Republican Governor Tom Corbett’s loss to Democrat Tom Wolf is a particularly sweet victory for public education advocates, who worked hard to defeat him. Corbett presided over crippling cuts to school funding and, just weeks ago, supported a full-frontal assault on Philadelphia’s teachers. “This election was a clear and resounding rebuke of Governor Corbett and those politicians intent on stripping our schools of funding; ignoring the needs of children, parents and communities; and blaming educators to score political points,” Randi Weingarten, president of the American Federation of Teachers, said in a statement.
11. Anti-Food-Stamp Crusader Out in Florida
“This is what I’m about,” Florida’s Steve Southerland said about cutting food stamps when he abandoned his work as a mortician to run for the House. He was good to his word; few lawmakers have been so obsessed with taking food from the hungry as Southerland. Last year, he proposed slicing $39 million out of the program, describing “the explosion of food stamps” as “the defining moral issue of our time.”
During his campaign, Southerland matched callousness with misogyny. After encouraging attendants at an all-male fundraiser to “tell the Misses [sic] not to wait up,” Southerland dismissed complaints from his Democratic opponent (and ultimate winner) Gwen Graham by asking, “Has Gwen Graham ever been to a lingerie shower? Ask her. And how many men were there?”
This is the year of the mega-donor: just forty-two people are responsible for nearly a third of Super PAC spending in the 2014 election cycle. Super PACs, meanwhile, are outspending the national parties. The list of would-be kingmakers includes Tom Steyer, the former hedge-fund manager who’s poured out $73 million to elect environmentally friendly Democrats; Michael Bloomberg, who’s distributed upwards of $20 million on behalf of both sides; and Paul Singer, the “vulture-fund billionaire” and powerful Republican fundraiser.
Take a look at the list of top donors. They might have distinctly different political agendas, but they have one thing irrefutably in common: they’re almost exclusively old white guys. Only seven women made it into the forty-two, and not a single person of color.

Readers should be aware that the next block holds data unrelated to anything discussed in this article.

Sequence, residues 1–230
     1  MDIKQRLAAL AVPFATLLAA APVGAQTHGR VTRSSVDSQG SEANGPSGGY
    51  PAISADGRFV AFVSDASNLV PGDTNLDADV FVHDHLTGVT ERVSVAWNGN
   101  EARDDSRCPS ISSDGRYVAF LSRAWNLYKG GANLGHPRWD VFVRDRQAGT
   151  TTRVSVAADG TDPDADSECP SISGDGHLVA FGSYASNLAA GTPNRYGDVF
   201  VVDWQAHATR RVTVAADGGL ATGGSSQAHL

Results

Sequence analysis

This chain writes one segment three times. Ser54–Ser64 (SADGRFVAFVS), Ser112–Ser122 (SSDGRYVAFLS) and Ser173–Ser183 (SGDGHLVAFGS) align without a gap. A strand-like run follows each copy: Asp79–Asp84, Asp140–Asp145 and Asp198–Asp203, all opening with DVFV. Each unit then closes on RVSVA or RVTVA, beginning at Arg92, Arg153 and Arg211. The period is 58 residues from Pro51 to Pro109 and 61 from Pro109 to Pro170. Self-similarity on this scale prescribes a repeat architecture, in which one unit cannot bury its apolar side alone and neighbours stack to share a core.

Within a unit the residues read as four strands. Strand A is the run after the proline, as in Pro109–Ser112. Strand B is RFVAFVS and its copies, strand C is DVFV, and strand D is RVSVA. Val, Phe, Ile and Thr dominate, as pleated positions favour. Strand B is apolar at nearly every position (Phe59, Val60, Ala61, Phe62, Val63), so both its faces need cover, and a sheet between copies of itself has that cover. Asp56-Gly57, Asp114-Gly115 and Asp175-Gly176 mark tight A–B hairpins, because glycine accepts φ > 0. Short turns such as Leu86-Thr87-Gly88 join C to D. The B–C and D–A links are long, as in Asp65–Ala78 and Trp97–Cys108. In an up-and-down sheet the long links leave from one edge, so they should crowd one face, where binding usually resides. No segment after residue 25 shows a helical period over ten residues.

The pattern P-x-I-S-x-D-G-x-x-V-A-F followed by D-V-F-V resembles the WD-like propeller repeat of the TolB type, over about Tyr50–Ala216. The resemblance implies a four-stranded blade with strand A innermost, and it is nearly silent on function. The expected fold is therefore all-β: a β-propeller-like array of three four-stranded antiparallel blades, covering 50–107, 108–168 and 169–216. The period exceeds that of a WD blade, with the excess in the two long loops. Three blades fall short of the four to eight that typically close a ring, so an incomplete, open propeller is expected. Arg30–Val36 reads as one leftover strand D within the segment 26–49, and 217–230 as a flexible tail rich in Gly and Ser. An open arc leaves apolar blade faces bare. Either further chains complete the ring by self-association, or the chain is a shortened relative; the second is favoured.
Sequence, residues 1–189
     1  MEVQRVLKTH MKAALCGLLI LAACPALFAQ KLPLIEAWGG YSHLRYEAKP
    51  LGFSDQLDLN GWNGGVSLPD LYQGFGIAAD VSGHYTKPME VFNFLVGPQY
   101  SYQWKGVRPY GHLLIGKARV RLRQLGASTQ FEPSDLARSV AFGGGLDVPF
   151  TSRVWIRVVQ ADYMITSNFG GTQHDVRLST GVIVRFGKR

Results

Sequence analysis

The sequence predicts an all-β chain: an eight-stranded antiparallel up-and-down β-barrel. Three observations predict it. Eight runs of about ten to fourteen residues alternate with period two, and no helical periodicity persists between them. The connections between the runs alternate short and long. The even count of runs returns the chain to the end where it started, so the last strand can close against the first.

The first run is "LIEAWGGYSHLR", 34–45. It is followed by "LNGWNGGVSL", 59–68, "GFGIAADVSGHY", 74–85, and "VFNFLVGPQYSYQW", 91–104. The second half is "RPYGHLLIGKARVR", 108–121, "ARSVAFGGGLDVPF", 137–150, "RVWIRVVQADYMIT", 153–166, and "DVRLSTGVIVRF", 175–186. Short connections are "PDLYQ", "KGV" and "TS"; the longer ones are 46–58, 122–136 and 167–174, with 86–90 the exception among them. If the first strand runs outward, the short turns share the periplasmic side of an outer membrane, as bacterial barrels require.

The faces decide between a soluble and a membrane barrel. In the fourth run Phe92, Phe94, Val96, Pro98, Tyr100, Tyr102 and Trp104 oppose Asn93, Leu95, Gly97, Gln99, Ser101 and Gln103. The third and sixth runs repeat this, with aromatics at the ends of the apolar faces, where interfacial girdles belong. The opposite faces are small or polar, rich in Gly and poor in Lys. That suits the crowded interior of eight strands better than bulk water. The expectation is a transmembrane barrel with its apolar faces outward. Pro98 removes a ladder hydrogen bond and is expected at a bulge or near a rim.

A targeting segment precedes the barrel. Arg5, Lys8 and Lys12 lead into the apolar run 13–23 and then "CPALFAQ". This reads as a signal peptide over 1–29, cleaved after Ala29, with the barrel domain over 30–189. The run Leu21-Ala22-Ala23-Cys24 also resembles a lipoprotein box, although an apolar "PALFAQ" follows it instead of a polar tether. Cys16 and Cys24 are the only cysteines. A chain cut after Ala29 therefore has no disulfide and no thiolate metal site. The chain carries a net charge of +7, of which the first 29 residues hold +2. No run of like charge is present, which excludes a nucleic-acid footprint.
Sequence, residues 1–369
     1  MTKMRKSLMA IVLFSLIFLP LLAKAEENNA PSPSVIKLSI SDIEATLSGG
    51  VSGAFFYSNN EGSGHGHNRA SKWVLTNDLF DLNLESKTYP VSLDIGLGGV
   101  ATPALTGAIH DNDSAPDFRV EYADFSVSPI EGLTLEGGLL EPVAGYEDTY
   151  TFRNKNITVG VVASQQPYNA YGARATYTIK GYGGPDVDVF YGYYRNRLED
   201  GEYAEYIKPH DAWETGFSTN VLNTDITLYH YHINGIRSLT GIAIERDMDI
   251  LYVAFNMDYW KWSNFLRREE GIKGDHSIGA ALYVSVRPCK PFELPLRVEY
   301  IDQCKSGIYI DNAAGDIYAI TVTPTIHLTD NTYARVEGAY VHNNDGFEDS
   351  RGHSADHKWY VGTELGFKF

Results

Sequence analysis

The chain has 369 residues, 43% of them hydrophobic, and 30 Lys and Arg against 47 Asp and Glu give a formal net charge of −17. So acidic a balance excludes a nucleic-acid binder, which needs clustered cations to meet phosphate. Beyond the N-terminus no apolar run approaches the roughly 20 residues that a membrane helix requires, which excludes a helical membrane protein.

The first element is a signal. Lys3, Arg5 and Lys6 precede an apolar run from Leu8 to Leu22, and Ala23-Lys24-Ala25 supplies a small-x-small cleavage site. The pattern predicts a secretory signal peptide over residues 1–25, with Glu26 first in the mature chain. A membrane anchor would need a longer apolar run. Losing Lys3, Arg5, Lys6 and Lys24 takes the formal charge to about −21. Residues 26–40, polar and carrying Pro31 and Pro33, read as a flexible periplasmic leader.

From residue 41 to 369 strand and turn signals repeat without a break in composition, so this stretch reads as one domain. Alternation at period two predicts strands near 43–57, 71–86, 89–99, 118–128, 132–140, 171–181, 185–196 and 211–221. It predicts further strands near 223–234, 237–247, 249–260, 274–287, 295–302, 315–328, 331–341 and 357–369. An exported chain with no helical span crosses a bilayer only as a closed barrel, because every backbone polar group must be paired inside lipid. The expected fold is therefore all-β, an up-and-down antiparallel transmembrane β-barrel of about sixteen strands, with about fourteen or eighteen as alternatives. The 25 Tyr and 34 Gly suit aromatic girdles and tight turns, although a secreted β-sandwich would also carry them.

One of the things highlighted in the aftermath of Michael Brown’s death in Ferguson, Missouri, is how poorly America’s political leadership, from city councils to the US Senate, reflects the diversity of the country. According to data compiled by the Reflective Democracy Campaign, white men make up 65 percent of elected officials—more than twice their proportion in the general population. Only 4 percent of our political leaders are women of color. As Jelani Cobb writes in The New Yorker, the midterm elections won’t right this imbalance between demographics and political representation, no matter which party wins the Senate.
In fact, the midterms suggest that white men are gaining clout, at least behind the veil. As campaign-finance laws erode, political power is increasingly concentrated among the billionaires playing the strings of the electoral marionette—a pool that looks less diverse even than Congress. (Given the prominence of dark-money groups, it’s likely that some of the biggest individual players in the midterms are anonymous. But there’s no indication that secret donors are any more diverse than others.)
It’s shrinking, too. Between 1990 and 2010, the number of individual donors increased each election cycle. This year, the pool contracted from 817,464 individual contributors in 2010 to 666,773 as of late October, according to a new analysis from CRP. “Despite only a slight increase in the cost of the election, outside groups, which are overwhelmingly fueled by large donors, are picking up more of the tab, candidates are cutting back on their spending, and there are fewer large (over $200) individual donors contributing overall to candidates and parties,” reads the report.